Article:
Book by Antonio Mendez. Film directed by Ben Affleck.
A book review and a movie review, all at the same time!
I saw Argo (the movie) last October when I was visiting my friends Brandy and John in Colorado. Brandy and I had planned to go and visit some mountains and some snow, but it rained instead. Everybody knows that rainy mountains aren’t nearly as much fun as snowy mountains, so we opted for a movie day instead. I am embarrassed to admit that I knew little to nothing about the Iran hostages prior to seeing Argo, so it was even more of a learning experience for me than it might have been to a more knowledgeable viewer.
I agree with the reviewers who thought that the manufactured tension at the end of the movie was a little bit tiresome, but overall, I loved Argo. The casting was perfect – especially Alan Arkin and John Goodman – and I agree with all those people who were dumbfounded that Ben Affleck didn’t receive a Director nod at the Oscars. I’m not generally able to pinpoint good directing as the reason I enjoy a film, but Argo is an exception to that. I suppose that Best Picture is a pretty good consolation prize, but in all honesty, I thought Zero Dark Thirty deserved Best Picture just as much as Argo deserved Best Director. Oh, well – I’m not in charge of either decision.
My mom and I were in DC last weekend, and while we were there we visited the International Spy Museum, which is across the street from the National Portrait Gallery. We weren’t able to go when we were in the District last summer, but we’d been told that it was a fun museum. At some point during the lead-up to awards season, I read that Antonio Mendez and his wife, both former CIA operatives, were on the board of the museum, which further intrigued me. In all honesty, I can’t say that I was all that impressed with the museum itself; I chalk it up to an overwhelming feeling of claustrophobia, my absolute inability to figure out the preferred direction of travel inside the museum, and the fact that way too many people (and too many children, in particular) were there. I eventually started following every exit sign I found and made my way to the gift store (I do love a gift store, y’all), where I found autographed copies of Mendez’s book Argo: How the CIA and Hollywood Pulled Off the Most Audacious Rescue in History. I bought one for myself and one for my dad, who loved the movie as much as I did.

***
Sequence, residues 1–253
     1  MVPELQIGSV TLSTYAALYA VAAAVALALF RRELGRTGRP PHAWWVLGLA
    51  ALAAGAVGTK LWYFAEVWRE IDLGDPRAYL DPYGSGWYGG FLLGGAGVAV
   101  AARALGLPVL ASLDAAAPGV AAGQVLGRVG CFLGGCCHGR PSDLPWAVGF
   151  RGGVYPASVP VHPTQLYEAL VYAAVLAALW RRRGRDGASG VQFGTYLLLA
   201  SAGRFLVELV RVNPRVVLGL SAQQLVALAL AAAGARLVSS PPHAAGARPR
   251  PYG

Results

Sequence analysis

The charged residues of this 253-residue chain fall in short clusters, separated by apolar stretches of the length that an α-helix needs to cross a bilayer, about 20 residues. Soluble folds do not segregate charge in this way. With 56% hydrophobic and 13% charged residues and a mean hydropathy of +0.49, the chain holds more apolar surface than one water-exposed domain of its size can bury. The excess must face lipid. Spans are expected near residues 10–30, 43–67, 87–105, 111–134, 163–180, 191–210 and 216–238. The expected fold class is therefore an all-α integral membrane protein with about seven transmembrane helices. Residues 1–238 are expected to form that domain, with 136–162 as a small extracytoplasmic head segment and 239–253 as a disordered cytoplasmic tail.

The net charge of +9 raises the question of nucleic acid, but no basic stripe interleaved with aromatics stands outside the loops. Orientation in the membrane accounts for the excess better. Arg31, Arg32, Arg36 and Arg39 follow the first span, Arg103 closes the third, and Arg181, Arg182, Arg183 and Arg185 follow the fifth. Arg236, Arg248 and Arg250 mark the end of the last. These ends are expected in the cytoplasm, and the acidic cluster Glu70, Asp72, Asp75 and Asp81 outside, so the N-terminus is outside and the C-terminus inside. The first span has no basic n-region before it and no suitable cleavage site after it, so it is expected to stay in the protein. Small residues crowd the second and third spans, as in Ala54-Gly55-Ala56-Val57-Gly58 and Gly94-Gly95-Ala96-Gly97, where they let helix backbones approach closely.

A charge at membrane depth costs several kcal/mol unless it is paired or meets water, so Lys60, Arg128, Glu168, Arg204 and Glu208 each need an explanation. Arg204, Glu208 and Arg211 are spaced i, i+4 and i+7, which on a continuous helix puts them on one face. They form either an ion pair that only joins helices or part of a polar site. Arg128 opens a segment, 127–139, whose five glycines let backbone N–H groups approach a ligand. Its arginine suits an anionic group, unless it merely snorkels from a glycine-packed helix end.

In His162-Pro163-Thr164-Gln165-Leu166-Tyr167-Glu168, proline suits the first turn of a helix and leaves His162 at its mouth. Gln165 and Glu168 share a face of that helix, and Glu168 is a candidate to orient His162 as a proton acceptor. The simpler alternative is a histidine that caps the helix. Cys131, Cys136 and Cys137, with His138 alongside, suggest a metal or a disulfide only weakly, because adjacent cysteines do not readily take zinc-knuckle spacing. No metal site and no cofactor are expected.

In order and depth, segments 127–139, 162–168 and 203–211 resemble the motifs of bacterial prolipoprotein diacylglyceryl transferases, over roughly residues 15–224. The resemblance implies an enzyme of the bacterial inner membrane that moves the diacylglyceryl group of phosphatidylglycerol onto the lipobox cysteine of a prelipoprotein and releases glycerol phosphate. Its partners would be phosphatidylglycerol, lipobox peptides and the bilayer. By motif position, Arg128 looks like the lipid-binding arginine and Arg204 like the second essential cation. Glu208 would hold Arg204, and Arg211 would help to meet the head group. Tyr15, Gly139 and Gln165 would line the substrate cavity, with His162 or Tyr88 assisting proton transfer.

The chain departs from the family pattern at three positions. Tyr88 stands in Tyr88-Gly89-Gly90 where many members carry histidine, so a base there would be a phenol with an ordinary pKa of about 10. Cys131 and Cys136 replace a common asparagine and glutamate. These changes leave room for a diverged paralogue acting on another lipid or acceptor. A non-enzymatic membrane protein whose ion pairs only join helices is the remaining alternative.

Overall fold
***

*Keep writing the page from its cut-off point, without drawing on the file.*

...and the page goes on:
This isn’t the book that the film is based on. That’s The Master of Disguise, which was written after the operation was declassified in 1997. Mendez wrote Argo in 2012, after the film had already been completed. As anticipated, the book fills in all the details that the film glosses over. It’s an easy read, albeit lengthier than necessary (I found myself wondering whether Mendez had an ineffective editor or a page number quota that he couldn’t reach without pages and pages and pages of backstory). In any case, I loved learning about how CIA operatives are trained in forgery and disguises; it’s like Mission Impossible, only real.
In a nutshell, here’s what we learn from both the book and the film versions of Argo: the CIA is crazy smart; you can’t hide from them, but they can very effectively hide from you.